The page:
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The Seventh Swan Paperback – Aug 1984

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Most Helpful Customer Reviews on (beta) 5 reviews
7 of 7 people found the following review helpful
Wonderous read for fairy tale lovers! 3 Jun. 1999
By A Customer - Published on
Format: Paperback
Did you ever wonder what happened AFTER some of the fairy tales you've read? If you've read the story this answers--or even if you haven't!--this will be worth your time to read and enjoy.
I loved _The_Seventh_Swan_. Even though I've read it over and over, I always react to it with wonder and hope and love and sorrow. I think you will too. Every time I glance into it I get drawn into rereading the whole tale, and I am very glad to have found it. [I try to collect the tales in this publisher's series, because I've enjoyed several of them.]
You may be surprised by this fairy tale. I highly recommend it, from the characters to the clever insights to the witty comments. Unlike most traditional tales, the characters have names and personalities; by the time the pipe plays you will know them. I suspect you will cherish them.
I invite you into the world of fairy tales - come, step inside, be breathless with wonder. =smile=
Also, to pique your interest in Gaelic, the author includes a glossary of the phrases he used at the book's end. It's made me realize that I too could learn Gaelic; some of the endearments are my favorite phrases.
6 of 7 people found the following review helpful
A flawed but ultimately moving tale 16 Jan. 2002
By Kelly (Fantasy Literature) - Published on
Format: Paperback Verified Purchase
I had a hard time getting into _The Seventh Swan_ at first; I think Gray's writing style was the culprit. He jumps between points-of-view constantly, so it's hard to tell who's thinking what. After I got used to that, though, I found a moving story in this book.
Alasdair is the seventh swan-brother from the famous fairy tale, left with a swan's wing instead of one of his arms because his sister was unable to finish that last shirt in time. He is a young Scottish lord in this novel, incredibly handsome but shrouded in self-pity and the immaturity that comes from having such a strange "childhood". Since he lacks his sword-arm, he has a bodyguard, Ewen, a gruff mercenary who is both more kind and more haunted than he seems.
Alasdair also has a sweetheart, Fenella, who finds out about what ails him--and being an intrepid young lady, sets out immediately to find the magic to give him back his arm! But dangers await, and many dumb decisions are made by various characters, and misadventures ensue. We come to care for all of the characters. Although I would have preferred a different ending to the story, _The Seventh Swan_ was worth reading.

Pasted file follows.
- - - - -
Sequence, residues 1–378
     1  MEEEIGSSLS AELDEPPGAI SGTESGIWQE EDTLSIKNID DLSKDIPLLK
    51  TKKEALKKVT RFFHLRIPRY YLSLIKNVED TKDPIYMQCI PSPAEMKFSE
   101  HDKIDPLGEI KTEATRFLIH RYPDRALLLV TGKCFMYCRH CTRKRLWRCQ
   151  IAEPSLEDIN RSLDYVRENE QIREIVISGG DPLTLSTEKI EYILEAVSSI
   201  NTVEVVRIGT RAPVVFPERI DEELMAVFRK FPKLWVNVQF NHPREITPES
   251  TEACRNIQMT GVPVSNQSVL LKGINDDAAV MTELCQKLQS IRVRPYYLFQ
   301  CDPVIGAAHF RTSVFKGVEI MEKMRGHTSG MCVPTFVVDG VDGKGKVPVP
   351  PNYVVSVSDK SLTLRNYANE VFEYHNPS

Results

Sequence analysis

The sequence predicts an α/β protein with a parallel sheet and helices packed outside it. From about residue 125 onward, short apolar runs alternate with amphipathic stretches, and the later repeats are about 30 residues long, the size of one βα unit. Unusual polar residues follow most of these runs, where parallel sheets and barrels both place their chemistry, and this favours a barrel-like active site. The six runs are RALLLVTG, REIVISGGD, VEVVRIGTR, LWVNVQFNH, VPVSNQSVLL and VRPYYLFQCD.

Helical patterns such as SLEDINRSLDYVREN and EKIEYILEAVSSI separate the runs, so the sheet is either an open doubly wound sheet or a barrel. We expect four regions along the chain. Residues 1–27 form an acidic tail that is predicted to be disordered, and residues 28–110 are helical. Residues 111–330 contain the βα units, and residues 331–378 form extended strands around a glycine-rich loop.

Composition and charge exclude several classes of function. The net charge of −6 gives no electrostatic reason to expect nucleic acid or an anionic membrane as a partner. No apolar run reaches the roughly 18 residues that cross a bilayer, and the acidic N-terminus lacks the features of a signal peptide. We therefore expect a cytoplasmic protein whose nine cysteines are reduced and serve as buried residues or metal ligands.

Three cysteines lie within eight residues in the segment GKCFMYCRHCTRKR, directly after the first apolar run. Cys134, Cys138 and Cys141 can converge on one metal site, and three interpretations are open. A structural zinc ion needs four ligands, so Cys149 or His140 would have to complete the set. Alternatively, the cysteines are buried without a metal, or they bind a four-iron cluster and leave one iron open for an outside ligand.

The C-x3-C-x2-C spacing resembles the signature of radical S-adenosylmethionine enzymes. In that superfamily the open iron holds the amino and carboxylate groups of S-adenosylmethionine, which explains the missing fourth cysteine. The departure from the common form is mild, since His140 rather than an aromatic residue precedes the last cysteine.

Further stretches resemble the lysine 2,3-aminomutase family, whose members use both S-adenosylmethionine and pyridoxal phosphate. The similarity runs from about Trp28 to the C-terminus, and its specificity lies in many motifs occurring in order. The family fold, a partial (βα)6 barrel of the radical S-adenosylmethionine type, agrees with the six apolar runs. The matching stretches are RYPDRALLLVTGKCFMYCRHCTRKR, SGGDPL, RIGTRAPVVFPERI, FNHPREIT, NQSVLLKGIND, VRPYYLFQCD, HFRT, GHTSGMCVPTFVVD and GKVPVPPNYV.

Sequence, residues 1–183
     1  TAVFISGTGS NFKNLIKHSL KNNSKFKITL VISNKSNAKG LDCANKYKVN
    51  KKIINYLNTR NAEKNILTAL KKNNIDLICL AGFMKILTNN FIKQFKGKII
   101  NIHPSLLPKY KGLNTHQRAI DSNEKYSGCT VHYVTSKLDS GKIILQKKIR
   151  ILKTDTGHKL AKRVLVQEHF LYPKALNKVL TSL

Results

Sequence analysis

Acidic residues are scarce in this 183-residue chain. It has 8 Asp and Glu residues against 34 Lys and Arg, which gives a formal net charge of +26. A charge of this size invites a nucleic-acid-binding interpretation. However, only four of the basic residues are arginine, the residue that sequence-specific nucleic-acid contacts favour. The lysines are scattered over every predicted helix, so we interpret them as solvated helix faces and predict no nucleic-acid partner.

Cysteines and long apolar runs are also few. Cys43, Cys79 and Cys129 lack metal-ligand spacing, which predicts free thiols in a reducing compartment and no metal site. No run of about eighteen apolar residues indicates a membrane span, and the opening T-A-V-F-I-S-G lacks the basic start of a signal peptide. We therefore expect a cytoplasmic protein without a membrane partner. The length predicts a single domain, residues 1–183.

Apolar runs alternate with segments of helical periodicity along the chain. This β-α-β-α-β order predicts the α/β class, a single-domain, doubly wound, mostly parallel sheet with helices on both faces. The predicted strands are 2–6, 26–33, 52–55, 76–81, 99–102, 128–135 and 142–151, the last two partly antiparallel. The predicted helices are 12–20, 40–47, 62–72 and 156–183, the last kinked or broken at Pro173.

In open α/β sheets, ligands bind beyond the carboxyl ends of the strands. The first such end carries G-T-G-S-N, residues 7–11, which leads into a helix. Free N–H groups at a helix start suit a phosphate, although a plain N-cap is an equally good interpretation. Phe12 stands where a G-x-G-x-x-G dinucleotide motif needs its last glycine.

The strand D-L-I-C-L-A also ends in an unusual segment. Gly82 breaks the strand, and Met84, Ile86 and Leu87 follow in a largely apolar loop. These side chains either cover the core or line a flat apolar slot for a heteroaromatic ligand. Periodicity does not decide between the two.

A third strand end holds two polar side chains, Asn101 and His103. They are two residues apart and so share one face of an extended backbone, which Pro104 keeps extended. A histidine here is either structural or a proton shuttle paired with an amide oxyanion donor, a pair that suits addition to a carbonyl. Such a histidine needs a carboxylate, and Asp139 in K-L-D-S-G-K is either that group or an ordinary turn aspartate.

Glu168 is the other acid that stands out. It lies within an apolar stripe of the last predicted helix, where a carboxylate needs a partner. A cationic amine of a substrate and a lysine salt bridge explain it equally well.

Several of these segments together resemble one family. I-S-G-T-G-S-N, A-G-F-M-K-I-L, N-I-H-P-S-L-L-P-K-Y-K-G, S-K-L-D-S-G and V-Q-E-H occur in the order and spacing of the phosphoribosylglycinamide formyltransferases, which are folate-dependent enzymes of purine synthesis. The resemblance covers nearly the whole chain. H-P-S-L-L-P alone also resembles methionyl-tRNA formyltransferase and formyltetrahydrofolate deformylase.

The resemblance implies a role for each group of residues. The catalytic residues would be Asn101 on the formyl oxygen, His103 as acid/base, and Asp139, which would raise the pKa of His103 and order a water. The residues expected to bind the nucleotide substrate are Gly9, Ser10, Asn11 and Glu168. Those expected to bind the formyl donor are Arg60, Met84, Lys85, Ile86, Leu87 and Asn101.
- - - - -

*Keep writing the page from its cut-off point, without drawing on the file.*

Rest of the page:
3 of 3 people found the following review helpful
Funny post-fairytale sequel for children or adults 28 July 1998
By A Customer - Published on
Format: Paperback
Nicholas Stuart Gray asks the question, What happened to the poor seventh prince (of the Swan Princes) who had to go through the rest of his life with one arm and one wing? He writes the answer with charm and humor, thrown in with a liberal sprinkling of adventure and heroism. An unwelcome plot twist took one of the stars away from my review, but overall I loved this book when I picked it up at the library. It was very funny and interesting. Check out "Grimbold's Other World" for a 5-star N.S. Gray experience.
5 of 6 people found the following review helpful
Powerful, mature and realistic fantasy 1 April 2002
By H. McCarthy - Published on
Format: Paperback
Philip Pullman recently said that the big,important themes are dealt with in childrens' books. This proves him right. Love and attraction, keeping and breaking faith, fear and courage, and learning to live with, but not be bound by, your limitations, are among the themes of this magnificent story that redeems the often-cutesified term 'magical' and reminds us that faery is a dangerous place. I've read this book over and over again and every time it moves me to tears. If you can handle grown-up magic and real emotions, you must read it.
2 of 3 people found the following review helpful
What a great book! 28 Feb. 1999
By A Customer - Published on
Format: Paperback
I read this book in fifth grade or thereabouts, and it is so good that I have been looking for it ever since. Am I glad I found this book again! It's a wonderful, bittersweet story with a twist on an old folktale. A great read for almost anyone. :)
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